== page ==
The Military and the Fiscal Cliff

The Military and the Fiscal CliffThe Military and the Fiscal Cliff

By Paul Gable

As 2012 winds down, we are hearing hourly about the fiscal cliff that the U.S. economy is approaching if our current do-nothing Congress can’t reach a deal on taxes and expenditures.

While much of the present focus is on not raising any new tax revenue and cutting entitlement spending, an overall concept of a budget for the entire U.S. government seems to be seriously absent.

The current fiscal cliff crisis, if you wish to call it that, is two philosophies, left and right, banging heads while no one in Washington attempts to see the bigger picture.

One area which I believe needs further investigation, as well as a reasonable long term plan for what we wish to accomplish, is defense spending.

According to data from the Stockholm International Peace Research Institute, the top 15 country defense establishments in the world spent a total of $1.735 trillion in 2012. Of that total, the U.S. spent $711 billion, or 41% of the total. The 2012 budget for the Iraq and Afghanistan conflicts alone was $115 billion.

Since the Department of Defense came into being during the administration of President Harry Truman, no administration or Congress has discovered a way to control the urge toward massive spending by the military. Remember, every dollar expended on the military is public government spending, really no different, in fiscal terms, than spending on food stamps, unemployment benefits, transportation infrastructure and the like.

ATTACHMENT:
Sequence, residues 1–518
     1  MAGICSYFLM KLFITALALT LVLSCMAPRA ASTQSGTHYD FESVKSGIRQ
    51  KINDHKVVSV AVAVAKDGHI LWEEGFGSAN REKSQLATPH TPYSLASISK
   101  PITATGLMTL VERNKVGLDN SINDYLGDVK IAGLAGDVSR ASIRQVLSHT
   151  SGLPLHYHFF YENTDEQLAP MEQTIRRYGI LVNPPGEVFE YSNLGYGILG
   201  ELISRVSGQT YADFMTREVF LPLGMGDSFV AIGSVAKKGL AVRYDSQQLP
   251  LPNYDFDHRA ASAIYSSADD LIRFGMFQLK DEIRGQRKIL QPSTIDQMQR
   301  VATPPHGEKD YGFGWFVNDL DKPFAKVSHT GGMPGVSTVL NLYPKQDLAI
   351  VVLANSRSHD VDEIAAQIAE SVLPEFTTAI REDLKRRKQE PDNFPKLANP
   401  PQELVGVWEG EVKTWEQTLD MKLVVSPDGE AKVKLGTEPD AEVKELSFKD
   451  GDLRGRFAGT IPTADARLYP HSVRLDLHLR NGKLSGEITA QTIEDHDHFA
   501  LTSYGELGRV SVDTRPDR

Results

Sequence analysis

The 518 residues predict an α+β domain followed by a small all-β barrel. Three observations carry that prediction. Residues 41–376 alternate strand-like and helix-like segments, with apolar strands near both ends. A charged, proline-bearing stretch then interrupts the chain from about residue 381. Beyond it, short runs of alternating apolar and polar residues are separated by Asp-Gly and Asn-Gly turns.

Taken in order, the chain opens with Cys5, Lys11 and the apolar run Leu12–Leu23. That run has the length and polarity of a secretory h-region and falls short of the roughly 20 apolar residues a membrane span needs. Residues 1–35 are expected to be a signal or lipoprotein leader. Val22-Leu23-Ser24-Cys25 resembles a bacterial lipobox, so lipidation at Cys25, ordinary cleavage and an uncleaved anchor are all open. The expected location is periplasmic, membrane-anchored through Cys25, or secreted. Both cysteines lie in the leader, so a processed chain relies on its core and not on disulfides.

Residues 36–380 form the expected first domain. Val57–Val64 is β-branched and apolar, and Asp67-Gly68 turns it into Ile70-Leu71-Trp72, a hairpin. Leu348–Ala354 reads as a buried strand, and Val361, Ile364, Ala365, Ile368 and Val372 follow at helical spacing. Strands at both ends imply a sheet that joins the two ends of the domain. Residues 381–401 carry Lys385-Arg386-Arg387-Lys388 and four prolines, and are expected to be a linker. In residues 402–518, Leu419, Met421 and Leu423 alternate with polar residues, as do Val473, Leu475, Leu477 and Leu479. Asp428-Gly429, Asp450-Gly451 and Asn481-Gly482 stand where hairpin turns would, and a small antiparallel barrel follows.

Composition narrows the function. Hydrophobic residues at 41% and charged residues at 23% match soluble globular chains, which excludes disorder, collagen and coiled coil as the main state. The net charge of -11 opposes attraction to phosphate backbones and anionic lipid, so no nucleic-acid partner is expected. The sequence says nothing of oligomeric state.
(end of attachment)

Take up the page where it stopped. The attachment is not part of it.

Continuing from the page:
The second largest military spending country was China at $143 billion or 8.2% of the world total.

China is the next threat to American military hegemony, but is outspending China by a 5:1 margin the way to maintain that hegemony? And can we continue to afford to do so?

Essentially, we are borrowing from China to maintain massive military superiority over China. Does this make sense? Maybe the Chinese philosophy is to allow the U.S. to borrow itself into oblivion, pull the plug on available funds and take over world military leadership by default.

But, the Chinese military threat to U.S. world leadership is real and, probably, is not in our best, long term interests.

Nevertheless, nobody I can see in the administration or Congress bothers to get into the details of military spending in general, the future Chinese threat and what to do about it.

This is an example of why the administration and Congress are failing the American people with the current ‘fiscal cliff’ discussions. Nobody is bothering with the details and the devil is in the details.

An interesting piece on the Chinese threat and, possibly, a resurgent Russian threat was published recently in World Politics Review. We need people with vision, not rigid political philosophies, looking at these problems.

Read it here: http://www.worldpoliticsreview.com/articles/12550/the-realist-prism-u-s-must-plan-now-for-chinas-global-presence

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